S. Korea sells US$1.3 bln of FX bonds at 2nd-lowest rates

SEOUL-- South Korea said Thursday it has sold about US$1.3 billion worth of foreign exchange stabilization bonds at the second-lowest ever rates amid solid demand.

The government sold U.S. dollar-denominated bonds worth $500 million with a maturity of 10 years and five-year euro-denominated debts worth $700 million, according to the finance ministry.

The dollar bonds carry a yield of 1.769 percent, or 25 basis points more than the rate of U.S. 10-year Treasuries, while the euro bonds carry a yield of minus 0.053 percent, it added.

The bonds were issued at the second-lowest rates, underscoring foreign investors' strong demand. The debts were also sold with the lowest-ever spread over benchmark bond yields.

The euro-denominated debts were green bonds, making South Korea the first Asian government to issue such bonds. The proceeds of the debt sale will be used to support green energy projects.

The finance ministry said the debt sale was successful despite increased volatility in the global financial markets amid growing inflation risks and major countries' moves to adjust monetary policy stances.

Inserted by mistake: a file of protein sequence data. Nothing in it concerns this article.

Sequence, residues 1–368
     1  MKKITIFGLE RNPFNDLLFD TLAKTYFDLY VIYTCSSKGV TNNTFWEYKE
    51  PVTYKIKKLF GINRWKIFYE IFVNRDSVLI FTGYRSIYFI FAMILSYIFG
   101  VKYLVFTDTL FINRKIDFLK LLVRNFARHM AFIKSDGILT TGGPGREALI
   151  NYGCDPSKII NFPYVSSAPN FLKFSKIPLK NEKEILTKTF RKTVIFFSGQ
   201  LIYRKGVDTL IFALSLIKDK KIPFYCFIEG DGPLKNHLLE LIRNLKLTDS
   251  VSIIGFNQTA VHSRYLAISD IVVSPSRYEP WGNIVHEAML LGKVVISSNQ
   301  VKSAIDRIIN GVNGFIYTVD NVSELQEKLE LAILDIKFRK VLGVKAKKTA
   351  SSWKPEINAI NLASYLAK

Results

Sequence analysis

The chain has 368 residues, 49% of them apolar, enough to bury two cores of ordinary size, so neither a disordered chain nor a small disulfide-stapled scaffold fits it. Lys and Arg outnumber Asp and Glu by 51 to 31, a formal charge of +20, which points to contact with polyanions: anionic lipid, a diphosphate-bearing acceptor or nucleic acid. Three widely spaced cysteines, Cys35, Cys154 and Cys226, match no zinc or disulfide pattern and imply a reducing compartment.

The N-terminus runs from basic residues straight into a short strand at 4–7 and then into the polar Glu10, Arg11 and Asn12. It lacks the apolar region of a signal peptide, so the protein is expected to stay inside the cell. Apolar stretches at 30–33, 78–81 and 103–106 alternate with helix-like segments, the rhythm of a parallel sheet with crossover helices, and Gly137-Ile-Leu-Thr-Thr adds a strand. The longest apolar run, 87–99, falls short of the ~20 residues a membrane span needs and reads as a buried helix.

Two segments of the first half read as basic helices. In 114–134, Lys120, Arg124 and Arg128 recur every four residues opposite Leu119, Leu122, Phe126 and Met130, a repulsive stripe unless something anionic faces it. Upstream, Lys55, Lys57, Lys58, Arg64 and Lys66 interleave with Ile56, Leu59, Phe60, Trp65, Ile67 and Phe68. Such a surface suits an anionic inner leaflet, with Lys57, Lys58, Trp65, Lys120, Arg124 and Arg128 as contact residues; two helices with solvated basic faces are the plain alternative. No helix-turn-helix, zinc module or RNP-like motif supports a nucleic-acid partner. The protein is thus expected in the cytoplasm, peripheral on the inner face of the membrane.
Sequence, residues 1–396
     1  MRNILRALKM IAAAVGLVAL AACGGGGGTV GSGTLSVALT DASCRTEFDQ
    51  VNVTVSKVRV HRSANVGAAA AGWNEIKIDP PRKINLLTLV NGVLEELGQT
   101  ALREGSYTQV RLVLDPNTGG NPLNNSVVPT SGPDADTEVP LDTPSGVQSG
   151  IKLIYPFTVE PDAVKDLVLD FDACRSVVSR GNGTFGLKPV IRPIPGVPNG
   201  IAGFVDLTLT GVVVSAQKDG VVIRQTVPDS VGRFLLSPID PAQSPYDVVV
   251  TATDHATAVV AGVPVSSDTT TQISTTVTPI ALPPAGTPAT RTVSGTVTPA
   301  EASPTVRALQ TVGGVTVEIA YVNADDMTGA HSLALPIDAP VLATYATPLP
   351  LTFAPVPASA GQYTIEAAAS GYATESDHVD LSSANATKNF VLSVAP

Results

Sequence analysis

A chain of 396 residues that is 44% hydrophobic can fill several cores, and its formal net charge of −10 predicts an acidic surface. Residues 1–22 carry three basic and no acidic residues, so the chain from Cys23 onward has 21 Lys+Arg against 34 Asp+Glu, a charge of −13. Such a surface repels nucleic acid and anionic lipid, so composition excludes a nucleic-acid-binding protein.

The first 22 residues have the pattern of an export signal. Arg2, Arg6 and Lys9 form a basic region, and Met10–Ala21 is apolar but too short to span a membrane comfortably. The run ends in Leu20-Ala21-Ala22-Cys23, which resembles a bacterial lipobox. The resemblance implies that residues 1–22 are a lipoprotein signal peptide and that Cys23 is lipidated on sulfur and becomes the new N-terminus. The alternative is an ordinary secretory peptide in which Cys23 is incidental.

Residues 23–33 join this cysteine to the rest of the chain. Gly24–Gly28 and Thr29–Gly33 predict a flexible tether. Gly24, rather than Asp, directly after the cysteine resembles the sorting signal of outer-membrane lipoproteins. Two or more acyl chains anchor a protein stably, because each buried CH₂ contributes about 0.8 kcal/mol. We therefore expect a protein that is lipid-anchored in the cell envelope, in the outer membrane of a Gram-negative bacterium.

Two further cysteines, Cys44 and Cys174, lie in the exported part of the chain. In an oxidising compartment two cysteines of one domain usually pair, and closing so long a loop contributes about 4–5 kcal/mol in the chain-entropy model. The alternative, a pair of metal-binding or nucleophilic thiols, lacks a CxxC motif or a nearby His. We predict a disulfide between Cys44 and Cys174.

Currency stabilization bonds are designed to raise money needed for the government to keep foreign exchange rates stable.

Their yields often serve as a benchmark for Korean bonds being traded in international financial markets.

South Korea's foreign exchange reserves hit a record high of $463.97 billion in September, up $40 million from the previous month, according to central bank data.

Source: Yonhap News Agency

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